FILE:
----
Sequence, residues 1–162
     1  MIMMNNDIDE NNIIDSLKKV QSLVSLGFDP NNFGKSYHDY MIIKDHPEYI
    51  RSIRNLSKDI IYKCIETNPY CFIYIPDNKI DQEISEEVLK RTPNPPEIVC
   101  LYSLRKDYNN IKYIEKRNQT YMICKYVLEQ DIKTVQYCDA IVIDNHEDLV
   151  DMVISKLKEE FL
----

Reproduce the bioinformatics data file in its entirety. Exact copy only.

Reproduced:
Sequence, residues 1–162
     1  MIMMNNDIDE NNIIDSLKKV QSLVSLGFDP NNFGKSYHDY MIIKDHPEYI
    51  RSIRNLSKDI IYKCIETNPY CFIYIPDNKI DQEISEEVLK RTPNPPEIVC
   101  LYSLRKDYNN IKYIEKRNQT YMICKYVLEQ DIKTVQYCDA IVIDNHEDLV
   151  DMVISKLKEE FL